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Rethink your tactics to turn virtual traffic into physical traffic

Rethink your tactics to turn virtual traffic into physical traffic

Thursday, April 15, 2021
Marc-Antoine Lemay

As businesses continue to navigate regional re-openings, lockdowns, and capacity limits, they are understandably focusing on adapting their physical stores to offer the best customer experience possible. The very same customers are planning their trips in greater detail—either to limit their risks or simply avoid wasting their time—which means it’s never been more important for local businesses to provide all the necessary information online.

That, of course, is easier said than done across countless channels. Whether it’s a smartphone user looking up opening hours on Google Maps or a family researching local restaurant deliveries, active and passive interactions with a business’s local online presence are often the most important touch points in the journey to purchase. So, how do you make sure that everything goes well?

  1. Organize your local information

    The first step is to organize your local information. It’s a relatively straightforward task for one-off businesses, but things become considerably more complex for large, multi-location brands. That’s why we recommend working with a partner that not only owns the technology to take the heavy lifting out of local listings management, but can also proactively manage your local presence to maximize visibility, performance, and growth.

    Laptop displaying DAC's proprietary Local Rank+ software for local marketing

    Once your information is properly managed and distributed, local audiences are easily able to find what they need from you, especially in maps channels. But remember that these environments are highly interactive, offering various ways to communicate with users beyond opening hours, phone numbers, and street addresses. With more options available with every passing month—click to call, review responses, imagery, Google Posts, direct messaging—marketers need to decide what kind of information should be presented upfront without requiring a click-through to a website.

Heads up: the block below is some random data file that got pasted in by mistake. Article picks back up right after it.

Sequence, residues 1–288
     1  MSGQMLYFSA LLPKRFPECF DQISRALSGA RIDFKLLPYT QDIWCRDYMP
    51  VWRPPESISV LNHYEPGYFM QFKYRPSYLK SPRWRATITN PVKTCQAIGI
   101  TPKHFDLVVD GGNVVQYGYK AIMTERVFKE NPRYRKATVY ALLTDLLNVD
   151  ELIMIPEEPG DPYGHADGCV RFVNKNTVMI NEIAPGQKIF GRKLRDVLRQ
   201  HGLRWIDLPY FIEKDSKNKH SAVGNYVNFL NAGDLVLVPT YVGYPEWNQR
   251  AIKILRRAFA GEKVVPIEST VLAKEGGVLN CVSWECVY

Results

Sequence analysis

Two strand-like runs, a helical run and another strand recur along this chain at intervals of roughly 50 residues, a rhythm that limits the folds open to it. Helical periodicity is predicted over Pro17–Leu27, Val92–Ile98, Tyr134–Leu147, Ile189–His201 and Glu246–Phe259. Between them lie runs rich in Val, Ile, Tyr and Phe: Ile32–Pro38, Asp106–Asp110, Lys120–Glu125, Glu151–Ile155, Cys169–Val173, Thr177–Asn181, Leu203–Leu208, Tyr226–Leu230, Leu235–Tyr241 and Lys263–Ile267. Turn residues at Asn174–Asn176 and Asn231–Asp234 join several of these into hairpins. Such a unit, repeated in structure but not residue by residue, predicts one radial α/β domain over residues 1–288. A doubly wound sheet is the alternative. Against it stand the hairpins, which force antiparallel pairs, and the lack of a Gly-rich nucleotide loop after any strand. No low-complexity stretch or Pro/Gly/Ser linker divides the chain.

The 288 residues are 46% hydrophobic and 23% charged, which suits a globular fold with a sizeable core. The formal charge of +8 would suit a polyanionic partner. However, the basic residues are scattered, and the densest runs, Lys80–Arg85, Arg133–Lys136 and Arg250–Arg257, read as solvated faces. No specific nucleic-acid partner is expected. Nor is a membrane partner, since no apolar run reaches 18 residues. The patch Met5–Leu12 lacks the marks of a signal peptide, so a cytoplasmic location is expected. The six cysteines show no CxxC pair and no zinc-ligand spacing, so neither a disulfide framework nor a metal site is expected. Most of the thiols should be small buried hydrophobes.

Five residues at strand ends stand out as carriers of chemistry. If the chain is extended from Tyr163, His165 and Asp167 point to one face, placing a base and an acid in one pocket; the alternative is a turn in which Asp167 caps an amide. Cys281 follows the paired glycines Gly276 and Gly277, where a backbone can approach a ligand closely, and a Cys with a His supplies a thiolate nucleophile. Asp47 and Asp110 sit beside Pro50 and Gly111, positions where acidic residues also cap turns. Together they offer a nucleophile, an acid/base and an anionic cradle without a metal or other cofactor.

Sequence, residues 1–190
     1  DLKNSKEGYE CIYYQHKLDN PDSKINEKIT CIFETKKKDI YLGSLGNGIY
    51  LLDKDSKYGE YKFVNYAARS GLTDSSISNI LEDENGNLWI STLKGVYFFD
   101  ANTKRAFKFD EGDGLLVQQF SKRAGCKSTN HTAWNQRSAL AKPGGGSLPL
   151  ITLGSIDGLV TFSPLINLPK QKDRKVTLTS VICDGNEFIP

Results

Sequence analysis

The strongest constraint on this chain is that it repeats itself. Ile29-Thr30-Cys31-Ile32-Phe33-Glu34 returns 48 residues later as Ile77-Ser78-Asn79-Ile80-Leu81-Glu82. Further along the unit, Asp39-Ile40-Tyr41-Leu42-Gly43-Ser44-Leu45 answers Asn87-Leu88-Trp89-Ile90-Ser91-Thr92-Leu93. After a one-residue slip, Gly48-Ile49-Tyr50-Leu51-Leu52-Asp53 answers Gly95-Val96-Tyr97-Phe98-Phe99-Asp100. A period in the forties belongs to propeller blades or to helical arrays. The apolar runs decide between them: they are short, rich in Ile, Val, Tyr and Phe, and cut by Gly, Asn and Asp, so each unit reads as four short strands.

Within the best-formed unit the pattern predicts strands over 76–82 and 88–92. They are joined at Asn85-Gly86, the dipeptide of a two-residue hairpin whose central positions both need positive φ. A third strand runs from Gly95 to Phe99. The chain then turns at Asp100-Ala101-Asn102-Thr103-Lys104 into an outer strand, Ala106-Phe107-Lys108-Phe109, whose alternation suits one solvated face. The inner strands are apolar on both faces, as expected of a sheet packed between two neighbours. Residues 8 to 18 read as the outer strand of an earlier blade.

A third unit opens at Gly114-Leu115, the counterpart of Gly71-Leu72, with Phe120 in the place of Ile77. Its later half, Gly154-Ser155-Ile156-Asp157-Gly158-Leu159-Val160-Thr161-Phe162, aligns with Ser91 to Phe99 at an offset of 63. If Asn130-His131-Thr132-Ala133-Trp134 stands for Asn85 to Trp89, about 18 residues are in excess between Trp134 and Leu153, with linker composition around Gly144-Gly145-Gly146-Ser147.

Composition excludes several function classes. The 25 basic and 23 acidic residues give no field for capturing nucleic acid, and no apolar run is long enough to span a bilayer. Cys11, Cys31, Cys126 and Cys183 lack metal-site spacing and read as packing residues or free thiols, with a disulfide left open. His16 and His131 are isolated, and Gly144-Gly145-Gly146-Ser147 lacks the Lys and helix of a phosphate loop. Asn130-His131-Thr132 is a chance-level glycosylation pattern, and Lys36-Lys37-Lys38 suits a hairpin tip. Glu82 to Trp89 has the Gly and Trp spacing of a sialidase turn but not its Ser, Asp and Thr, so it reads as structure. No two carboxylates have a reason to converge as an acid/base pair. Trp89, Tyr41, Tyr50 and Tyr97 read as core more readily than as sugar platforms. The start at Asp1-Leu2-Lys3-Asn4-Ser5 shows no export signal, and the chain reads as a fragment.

Ask yourself why a user would want to continue to your website:

    • Do they have questions the search results failed to address?
    • Have they reached a particularly involved point in their journey to purchase?
    • Would they be better served by a homepage or a landing page built specifically for a specific location?

    Ultimately, it’s a case of finding the right balance between owned content on your site and earned content on the SERP—and you can be sure that the scales will tip towards the latter over time.

  2. Master the art of the welcome

    A store locator, with pages for each location, represents one of the many entry points on a website, making it an introduction to your brand. This traffic is highly relevant because it comes from two major axes: local search in Google (or any other search engine) or a search in a map environment. In these two cases, user behavior likely indicates intent to purchase. After all, 88% of consumers who make a local search on their mobile device visit a location based on their search in the following seven days.

    Of course, a good location page should not only offer basic information but continuity in the consumer journey to increase the likelihood of a conversion. In recent years, we have developed and optimized a store locator experience for a major restaurant chain. This undertaking included an overhaul of the approach to local SEO, website content, UX, and design, as well as the measurement and analytics strategy. The goal was to create an optimal experience for search engines and end users alike. As such, our location pages dynamically update according to each user’s origin.

    Local landing page for a restaurant

    Each location page offers the technical elements required for good SEO visibility, such as contact information, meta data, and schema markup. But there’s also information relevant to the user, including: a map for direction; call-to-action buttons to order online or over the phone; an array of promotions, rebates, and local specialties; and comments from other users.

    The ultimate objective was to build the most relevant experience possible for the user so that their visit translates into a conversion—either digital or physical, but always local. In less than two months, we increased organic clicks to local pages by 61% and drove a 23% surge in online orders.

  3. Put your customers at the heart of your strategy

    If we take the process to its next iteration—and start to build a true omnichannel strategy—we could leverage first-party data to maximize relevance for the user.

    • Is it my first visit to this website, my first visit in the last 90 days, or am I a regular visitor?
    • Do I usually order delivery or pick-up?
    • Which menu items did I order last time? And the time before that?
    • Do I have any known dietary requirements?

    Ideally, the location page should be able to take all of these factors into account to offer a truly seamless experience. Never again would users be presented with ineligible offers, such as a 10% discount for subscribing to a newsletter they already receive…

Upgrade your customer experience

From local search fundamentals to dynamic location pages to fully fledged omnichannel strategies, our unique Enterprise-to-Local approach is proven to drive transformational growth. Want to know more? Let’s talk.


Marc-Antoine Lemay
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